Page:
How to Make Granola From Scratch (And Why You Should)

"No.  I am NOT having cereal for dinner.  Obviously I'm an adult.  This is granola."

Granola.  The adulting version of cereal and the best breakfast/lunch/dinner/dessert/midnight/road trip snack I can think of.   Problem is that it's $12 for a teeny tiny bag.  It's almost as if you have to pass on it based on principle.  I'll never understand why granola is so effing expensive when oats are dirt cheap.  You too?  That's what I thought.  So in this post, we're gonna make our own.  And stick it to the man. 

Just in case you needed a little more convincing,  I did a little cost breakdown.  We used to have to do this with our recipes in culinary school.  It's a bit of a tedious process but it's also a very revealing one.  You wouldn't believe how you're getting hosed on the markup of that fancy restaurant meal.  The same goes for granola.  A good quality organic brand that still seems to skimp on the good stuff like nuts, fruit, and other surprises runs around $10 for a 12 ounce bag, roughly 2-3 cups.   For $4 more the recipe below makes 8-9 cups.  More than three times that amount.  You might be rich but you're definitely no fool.    

not stirred

Most granola recipes call for you to stir the oats.  This one doesn't.  It's not an oversight.  I like my granola in big, crunchy clusters and allowing it to bake and cool into one big, undisturbed sheet accomplishes that.  Plus bonus points for not having to stir and spill all over the bottom of your oven.  

Granola is kind of like the a.m. equivalent of the weeknight casserole your mom used to make to use up all the leftovers.  Only better.  Way, way better.  Raisins give you the creeps?  Use dried cranberries instead.  Having a moment with flax seeds?  Throw a handful of them in there.  Customize this base recipe to your flavor preferences or to suit whatever happens to be in your cupboard.   There's something almost victorious in demystifying what was once only available in store-bought form by making it from scratch in your own kitchen.  It's also a killer hostess gift.  And all you need is a bowl and a cup and a spoon and a baking tray.  So go do the thing.  And then make this this part of your weekly meal prep forever going forward.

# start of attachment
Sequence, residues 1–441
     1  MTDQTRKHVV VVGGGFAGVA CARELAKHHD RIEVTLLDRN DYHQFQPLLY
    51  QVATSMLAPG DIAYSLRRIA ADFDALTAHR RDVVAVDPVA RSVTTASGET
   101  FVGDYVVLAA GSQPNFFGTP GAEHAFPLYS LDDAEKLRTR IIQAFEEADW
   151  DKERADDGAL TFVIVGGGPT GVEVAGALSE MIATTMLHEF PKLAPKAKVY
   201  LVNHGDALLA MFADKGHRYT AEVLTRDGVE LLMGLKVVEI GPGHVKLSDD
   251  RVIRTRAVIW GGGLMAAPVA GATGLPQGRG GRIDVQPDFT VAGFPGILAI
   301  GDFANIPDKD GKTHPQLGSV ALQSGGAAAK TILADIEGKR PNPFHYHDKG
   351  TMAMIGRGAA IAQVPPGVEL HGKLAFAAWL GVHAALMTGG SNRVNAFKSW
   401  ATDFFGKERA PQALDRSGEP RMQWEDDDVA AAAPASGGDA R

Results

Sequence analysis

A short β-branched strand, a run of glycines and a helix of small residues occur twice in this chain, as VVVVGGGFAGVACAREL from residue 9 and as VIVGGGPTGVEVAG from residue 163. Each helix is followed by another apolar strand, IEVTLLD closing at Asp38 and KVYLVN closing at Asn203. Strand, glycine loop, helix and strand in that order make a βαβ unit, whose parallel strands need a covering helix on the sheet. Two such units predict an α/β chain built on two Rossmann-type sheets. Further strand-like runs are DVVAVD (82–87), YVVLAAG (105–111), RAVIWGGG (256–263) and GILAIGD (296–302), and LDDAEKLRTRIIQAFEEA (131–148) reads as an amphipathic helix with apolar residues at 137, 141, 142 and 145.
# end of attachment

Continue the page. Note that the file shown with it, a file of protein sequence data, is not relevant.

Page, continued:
Food for Style Notes

- "Hot spots" in your oven can cause one area to overcook while another remains underdone.  Rotating your pans halfway through the baking time ensures even baking throughout and is a good habit to get in to.  Dawdling with the oven door open, however, is not.  You lose at least 25 degrees of precious heat every time you open that door so get in and get out.   

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The Absolute Best Homemade, From-Scratch Granola

A loose take on Cambria's Granola found on


Preheat the oven to 325 degrees.  Line your baking sheet with parchment paper.  Combine oats, nuts, seeds, coconut, sugar, salt, cinnamon, and nutmeg in your mixing bowl.  Stir together the syrup and oil in your liquid measuring cup and add to the oat mixture.  Stir well until evenly coated and combined.  Pour mixture onto the sheet tray and spread into an even layer with your spatula.  Pop the sheet tray into the oven and set your timer for 15 minutes.  When the timer is up, rotate the sheet tray and set the timer for 10 minutes more.  Don't stir it.  Once the timer is up begin checking the granola every 5 minutes or so.  It's done once the top is an even rich golden brown.  Allow the granola to cool completely.  Once it has it will have hardened into one glorious, crunchy sheet.  Break it into clusters, toss in the dried fruit, and store in an airtight container.


3 cups whole rolled oats
1 cup chopped nuts (pecans, walnuts, etc)
1 cup raw pumpkin seeds
1 cup unsweetened large flake coconut
1/2 cup coconut palm sugar (or brown sugar)
1 teaspoon kosher salt
1 teaspoon cinnamon
1/4 teaspoon nutmeg
1/2 cup maple syrup, agave, or honey
1/2 cup melted and cooled coconut oil (or olive oil)
1 cup dried mixed fruit (raisins, tart cherries, cranberries)